The son of an Orthodox priest, Mihai Șora studied philosophy at the University of Bucharest from 1934 to 1938, where he was a student of Mircea Eliade. From 1939 to 1948 he studied in Paris and Grenoble on a fellowship granted by the French government. He joined the French Resistance during World War II, and was a member of the French Communist Party. He was also a member of the Romanian Communist Party,an active member of the communist propaganda from which he was expelled in 1982.
After travelling back to Romania in 1948, Șora was prevented from returning to France. Barred from holding a teaching appointment in communist Romania, he nevertheless became an influential editor. Șora's family emigrated to the West in the 1970s, and he was allowed to visit them in the 1980s, but he was forced to publish under pseudonyms rather than use his own name.
In March 1989 he joined intellectuals protesting the treatment of dissident poet Mircea Dinescu. After the fall of Nicolae Ceaușescu in December 1989, he briefly served as minister of education in Petre Roman's postrevolutionary coalition. He was one of only two cabinet members to endorse the March 1990 Timisoara Proclamation, which unsuccessfully proposed a law to prevent former Securitate members from occupying leading political positions. He was a member of the Group for Social Dialogue, writing for its weekly publication Revista 22, and the Civic Alliance Foundation, which later became the Civic Alliance Party.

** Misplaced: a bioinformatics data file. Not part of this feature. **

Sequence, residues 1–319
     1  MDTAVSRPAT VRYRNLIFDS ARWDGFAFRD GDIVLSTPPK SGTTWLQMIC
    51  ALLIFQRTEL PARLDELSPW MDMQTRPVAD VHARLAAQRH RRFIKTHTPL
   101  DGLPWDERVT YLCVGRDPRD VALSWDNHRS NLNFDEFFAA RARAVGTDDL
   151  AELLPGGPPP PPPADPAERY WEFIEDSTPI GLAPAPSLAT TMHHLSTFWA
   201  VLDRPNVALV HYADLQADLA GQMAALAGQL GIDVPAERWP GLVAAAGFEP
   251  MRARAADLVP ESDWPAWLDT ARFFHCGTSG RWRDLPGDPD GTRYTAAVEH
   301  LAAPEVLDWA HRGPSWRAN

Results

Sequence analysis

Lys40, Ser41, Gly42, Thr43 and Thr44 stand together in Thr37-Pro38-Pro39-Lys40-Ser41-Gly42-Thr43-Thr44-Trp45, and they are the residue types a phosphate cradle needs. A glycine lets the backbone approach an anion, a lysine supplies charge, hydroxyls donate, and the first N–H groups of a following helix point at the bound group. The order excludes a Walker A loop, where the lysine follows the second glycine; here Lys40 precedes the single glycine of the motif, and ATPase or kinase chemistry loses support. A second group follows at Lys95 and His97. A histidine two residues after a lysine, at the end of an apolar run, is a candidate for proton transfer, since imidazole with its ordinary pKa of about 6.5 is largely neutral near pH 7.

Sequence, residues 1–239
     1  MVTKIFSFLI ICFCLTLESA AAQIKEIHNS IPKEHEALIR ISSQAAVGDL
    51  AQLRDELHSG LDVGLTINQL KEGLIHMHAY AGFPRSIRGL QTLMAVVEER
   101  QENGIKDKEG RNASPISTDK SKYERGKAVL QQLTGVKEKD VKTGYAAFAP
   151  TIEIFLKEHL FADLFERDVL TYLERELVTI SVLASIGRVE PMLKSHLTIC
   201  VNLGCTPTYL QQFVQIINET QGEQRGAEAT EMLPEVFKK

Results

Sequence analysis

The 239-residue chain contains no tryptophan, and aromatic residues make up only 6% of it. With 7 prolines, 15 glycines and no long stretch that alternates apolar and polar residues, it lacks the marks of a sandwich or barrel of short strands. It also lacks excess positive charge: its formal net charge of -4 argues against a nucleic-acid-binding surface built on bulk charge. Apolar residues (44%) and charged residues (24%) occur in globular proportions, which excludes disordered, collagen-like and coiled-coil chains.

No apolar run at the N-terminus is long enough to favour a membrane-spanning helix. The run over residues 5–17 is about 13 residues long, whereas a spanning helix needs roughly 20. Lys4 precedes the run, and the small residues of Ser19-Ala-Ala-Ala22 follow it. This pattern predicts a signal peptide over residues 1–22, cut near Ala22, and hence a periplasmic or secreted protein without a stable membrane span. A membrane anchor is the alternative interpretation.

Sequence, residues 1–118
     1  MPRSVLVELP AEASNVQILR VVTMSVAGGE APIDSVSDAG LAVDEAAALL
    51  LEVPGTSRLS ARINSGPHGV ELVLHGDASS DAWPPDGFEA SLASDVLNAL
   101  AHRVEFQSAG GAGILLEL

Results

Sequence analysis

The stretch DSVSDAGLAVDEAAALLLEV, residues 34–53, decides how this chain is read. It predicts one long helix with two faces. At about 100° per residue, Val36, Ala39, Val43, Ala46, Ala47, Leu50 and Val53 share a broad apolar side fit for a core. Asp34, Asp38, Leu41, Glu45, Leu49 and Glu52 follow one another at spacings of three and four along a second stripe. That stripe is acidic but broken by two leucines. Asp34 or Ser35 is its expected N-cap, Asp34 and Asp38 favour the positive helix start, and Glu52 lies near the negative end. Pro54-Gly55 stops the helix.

He has been married twice: the first time with writer Mariana Klein (1917–2011), in 1939, with whom he has three children, and the second time with Luiza Palanciuc, an essayist and poet, in 2014. He turned 100 in November 2016.
|Wikimedia Commons has media related to Mihai Șora.|
- Pecican, Ovidiu (September 22–29, 2006). "Un om liber este ambasadorul perplexitatii" (in Romanian). Dilema Veche. Archived from the original on September 24, 2015. Retrieved July 21, 2014.
- Alexandrescu, Raluca (August 2000). "Proiecte culturale indreptate catre spatiul public (I). Interviu cu Mihai SORA" (in Romanian). Observator cultural. Retrieved July 21, 2014.
- Aurelia Craiutu (2010). "Mihai Șora: A Philosopher of Dialogue and Hope". In Costica Bradatan; Serguei Oushakine. In Marx's Shadow: Knowledge, Power, and Intellectuals in Eastern Europe and Russia. Lexington Books. pp. 261–. ISBN 978-0-7391-3626-3. Retrieved 24 January 2013.
- ""O zi la batrinete trece mult mai repede". Dialog Mariana SORA" (in Romanian). Observator cultural. May 2007. Retrieved July 2014. Check date values in:
- "Scriitoarea Mariana Sora a incetat din viata, la varsta de 94 de ani" (in Romanian). HotNews.ro. December 21, 2011. Retrieved July 21, 2014.
- Mihai Şora s-a căsătorit la 98 de ani "Filosoful Mihai Şora s-a CĂSĂTORIT la 98 de ani" Check
|url=value (help) (in Romanian). adevarul.ro. July 22, 2014. Retrieved July 23, 2014.
- Lucian Vasilescu (2016-11-07). "Filosoful Mihai Şora, la aniversarea de 100 de ani – amintirea unui gest" (in Romanian). mediafax.ro. Retrieved 2016-11-15.
|This article about a Romanian writer or poet is a stub. You can help Wikipedia by expanding it.|